3 Things You Need To Know
- Be sure to understand what insurance coverages your new company will
offer, and what costs (if any) you will incur if you enroll in those insurance
- Make sure you ask what each policy will cover, and any additional co-pays
or deductibles that will apply.
- If you must choose between long and short-term disability insurance,
select a long-term disability policy, which offers significantly greater
When you’re ready to start looking for your first job, be sure you consider
the entire benefits package, including the insurance coverages offered, and
not just the salary amount. Insurance can save you thousands of dollars a year,
and the types of insurance your future company offers could vary.
Some employers offer life insurance, health insurance (sometimes including
dental and vision benefits), disability insurance and retirement program as
part of their benefits. If your new job offers these benefits, make sure you
take advantage of them. Employers can provide coverage for their employees alone
or for the employee and their family.
Cost is usually the determining factor. With the high cost of health insurance,
employers are more likely to ask employees to pay some or all of the costs of
health insurance for their families and sometimes for the employees themselves.
Most people do not think about life insurance until they get married and
have a family. Employer-provided life insurance is often a multiple of
your salary (i.e. If your salary is $50,000 a year and your policy states it's
three times your salary, your life insurance coverage would be $150,000). It’s
not uncommon for individuals to accumulate various types of insurance; inexpensive
term insurance makes sense for young people with greater insurance needs. A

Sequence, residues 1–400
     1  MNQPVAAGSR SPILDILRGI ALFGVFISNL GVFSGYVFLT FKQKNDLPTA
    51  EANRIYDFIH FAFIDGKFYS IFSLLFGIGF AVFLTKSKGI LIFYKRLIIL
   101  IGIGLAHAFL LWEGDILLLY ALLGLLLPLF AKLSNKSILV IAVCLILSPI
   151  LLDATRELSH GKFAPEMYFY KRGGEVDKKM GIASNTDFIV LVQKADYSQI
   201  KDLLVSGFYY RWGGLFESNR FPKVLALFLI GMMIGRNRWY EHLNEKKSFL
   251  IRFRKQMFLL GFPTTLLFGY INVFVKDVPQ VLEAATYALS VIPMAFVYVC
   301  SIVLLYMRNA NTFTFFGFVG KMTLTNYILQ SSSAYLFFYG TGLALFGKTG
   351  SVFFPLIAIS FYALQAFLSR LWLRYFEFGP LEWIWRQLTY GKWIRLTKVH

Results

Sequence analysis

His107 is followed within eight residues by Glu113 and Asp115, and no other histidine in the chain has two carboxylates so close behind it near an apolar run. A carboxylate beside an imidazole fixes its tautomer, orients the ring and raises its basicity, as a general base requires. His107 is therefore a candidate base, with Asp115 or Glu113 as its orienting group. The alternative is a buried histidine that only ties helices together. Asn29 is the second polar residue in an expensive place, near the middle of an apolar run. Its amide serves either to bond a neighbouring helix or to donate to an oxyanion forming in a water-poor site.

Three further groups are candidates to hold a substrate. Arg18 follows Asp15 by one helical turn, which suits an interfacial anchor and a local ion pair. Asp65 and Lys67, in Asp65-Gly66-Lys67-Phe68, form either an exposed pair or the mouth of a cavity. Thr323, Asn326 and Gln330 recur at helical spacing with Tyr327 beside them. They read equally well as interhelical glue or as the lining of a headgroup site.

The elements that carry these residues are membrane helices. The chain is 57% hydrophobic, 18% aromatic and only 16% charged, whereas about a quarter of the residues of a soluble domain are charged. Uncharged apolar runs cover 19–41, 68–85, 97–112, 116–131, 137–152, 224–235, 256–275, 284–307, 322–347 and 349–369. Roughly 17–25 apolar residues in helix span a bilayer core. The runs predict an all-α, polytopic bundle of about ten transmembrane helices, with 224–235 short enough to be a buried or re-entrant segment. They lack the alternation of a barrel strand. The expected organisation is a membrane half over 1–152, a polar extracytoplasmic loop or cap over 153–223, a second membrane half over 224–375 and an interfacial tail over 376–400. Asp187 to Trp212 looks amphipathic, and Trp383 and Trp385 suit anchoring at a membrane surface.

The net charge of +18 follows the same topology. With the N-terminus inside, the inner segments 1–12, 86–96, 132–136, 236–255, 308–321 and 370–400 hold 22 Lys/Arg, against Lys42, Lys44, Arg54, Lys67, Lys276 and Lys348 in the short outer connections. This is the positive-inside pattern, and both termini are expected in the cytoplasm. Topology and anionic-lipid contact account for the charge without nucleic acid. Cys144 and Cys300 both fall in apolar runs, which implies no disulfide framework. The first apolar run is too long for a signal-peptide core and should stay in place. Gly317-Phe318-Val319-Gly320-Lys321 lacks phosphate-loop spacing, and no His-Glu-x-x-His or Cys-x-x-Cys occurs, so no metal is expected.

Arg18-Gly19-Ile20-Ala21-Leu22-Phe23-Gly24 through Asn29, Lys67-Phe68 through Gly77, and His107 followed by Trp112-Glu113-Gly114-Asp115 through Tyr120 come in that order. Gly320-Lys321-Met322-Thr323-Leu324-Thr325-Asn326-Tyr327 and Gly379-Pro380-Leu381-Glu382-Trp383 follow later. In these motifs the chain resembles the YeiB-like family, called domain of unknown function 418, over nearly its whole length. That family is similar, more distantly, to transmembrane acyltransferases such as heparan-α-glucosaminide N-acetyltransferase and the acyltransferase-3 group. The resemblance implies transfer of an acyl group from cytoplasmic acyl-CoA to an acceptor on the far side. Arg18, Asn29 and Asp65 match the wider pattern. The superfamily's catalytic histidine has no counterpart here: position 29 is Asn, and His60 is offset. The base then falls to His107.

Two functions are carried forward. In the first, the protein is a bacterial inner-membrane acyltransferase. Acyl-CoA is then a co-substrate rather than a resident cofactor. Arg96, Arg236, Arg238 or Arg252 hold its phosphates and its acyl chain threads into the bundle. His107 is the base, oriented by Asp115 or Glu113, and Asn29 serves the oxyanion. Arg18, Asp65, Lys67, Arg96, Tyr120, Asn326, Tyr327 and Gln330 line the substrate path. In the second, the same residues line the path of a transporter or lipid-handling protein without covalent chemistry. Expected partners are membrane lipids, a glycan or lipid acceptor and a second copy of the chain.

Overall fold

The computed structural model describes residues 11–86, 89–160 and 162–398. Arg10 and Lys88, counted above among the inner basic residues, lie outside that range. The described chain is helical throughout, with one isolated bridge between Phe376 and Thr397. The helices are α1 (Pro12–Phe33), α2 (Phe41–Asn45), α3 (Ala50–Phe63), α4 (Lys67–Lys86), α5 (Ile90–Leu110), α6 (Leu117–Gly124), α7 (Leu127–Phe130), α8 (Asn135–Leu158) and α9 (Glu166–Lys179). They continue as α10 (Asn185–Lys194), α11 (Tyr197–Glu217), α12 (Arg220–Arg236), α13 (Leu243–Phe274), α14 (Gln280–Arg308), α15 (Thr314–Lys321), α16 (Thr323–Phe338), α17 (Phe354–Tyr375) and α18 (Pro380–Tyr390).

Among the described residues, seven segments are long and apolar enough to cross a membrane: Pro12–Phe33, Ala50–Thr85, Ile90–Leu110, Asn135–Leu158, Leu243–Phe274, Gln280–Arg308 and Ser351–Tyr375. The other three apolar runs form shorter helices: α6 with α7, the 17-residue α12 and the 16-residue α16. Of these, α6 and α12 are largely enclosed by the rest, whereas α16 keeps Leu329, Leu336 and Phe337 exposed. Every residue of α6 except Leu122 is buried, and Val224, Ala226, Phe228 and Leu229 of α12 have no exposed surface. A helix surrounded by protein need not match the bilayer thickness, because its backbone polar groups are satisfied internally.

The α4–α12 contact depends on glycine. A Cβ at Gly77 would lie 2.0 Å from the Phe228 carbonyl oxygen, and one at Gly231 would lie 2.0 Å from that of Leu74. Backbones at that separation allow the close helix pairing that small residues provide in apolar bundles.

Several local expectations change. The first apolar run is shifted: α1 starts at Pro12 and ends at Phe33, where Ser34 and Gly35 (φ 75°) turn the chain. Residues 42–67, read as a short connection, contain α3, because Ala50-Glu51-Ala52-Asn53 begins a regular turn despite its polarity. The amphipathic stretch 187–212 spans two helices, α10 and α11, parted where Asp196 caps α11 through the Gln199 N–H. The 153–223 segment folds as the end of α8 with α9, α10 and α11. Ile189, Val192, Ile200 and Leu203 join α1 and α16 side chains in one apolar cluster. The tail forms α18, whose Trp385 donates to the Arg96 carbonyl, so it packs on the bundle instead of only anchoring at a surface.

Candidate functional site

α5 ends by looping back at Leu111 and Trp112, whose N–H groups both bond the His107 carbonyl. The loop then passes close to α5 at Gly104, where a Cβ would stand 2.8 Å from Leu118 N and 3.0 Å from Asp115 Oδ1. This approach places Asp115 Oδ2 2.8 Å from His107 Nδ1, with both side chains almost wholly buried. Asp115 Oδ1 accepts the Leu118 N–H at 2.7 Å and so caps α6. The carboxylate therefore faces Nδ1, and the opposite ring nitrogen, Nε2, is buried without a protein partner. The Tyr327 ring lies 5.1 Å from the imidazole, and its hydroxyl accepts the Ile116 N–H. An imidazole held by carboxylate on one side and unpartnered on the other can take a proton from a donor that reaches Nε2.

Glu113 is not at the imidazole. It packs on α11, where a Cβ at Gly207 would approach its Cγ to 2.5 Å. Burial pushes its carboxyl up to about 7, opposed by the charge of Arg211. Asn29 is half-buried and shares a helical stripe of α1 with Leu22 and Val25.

cash value-based insurance program with its level premium makes sense too. An
insurance agent can help you decide what type of life insurance is best for
Life insurance is a key financial planning tool that is often used to provide
for these costs associated with premature death:
- Lost income —
Deceased wage earner’s income is lost.
- Final costs —
Funeral costs, medical expenses, and so forth.
- Outstanding debts
— Credit card debts, mortgage, etc.
- Unpaid long-term obligations
— To supplement retirement savings and fund college tuitions, child care
expenses, home maintenance expenses, and so forth.
- Estate planning costs
— Estate taxes, probate costs, lost charitable contributions, and so forth.
- Unfulfilled family obligations
— Both economic and noneconomic.
How Much Life Insurance Do You Need?
- How much cash will be needed? These immediate costs
often include uninsured medical expenses and funeral expenses. Additionally,
many consumers have financial obligations that do not go away upon death:
a mortgage loan, auto loans, loan or line of credit, credit card debt and
college costs, to name the most common.
- How much annual income would sustain a household? An
estimate of income for a family starts with the amount of income earned
in the year prior to a breadwinner’s passing. From there, additional expenses
(child care, for example) should be added; while living expenses for the
deceased person can be subtracted.
The “Dos and Don’ts” of Naming a Beneficiary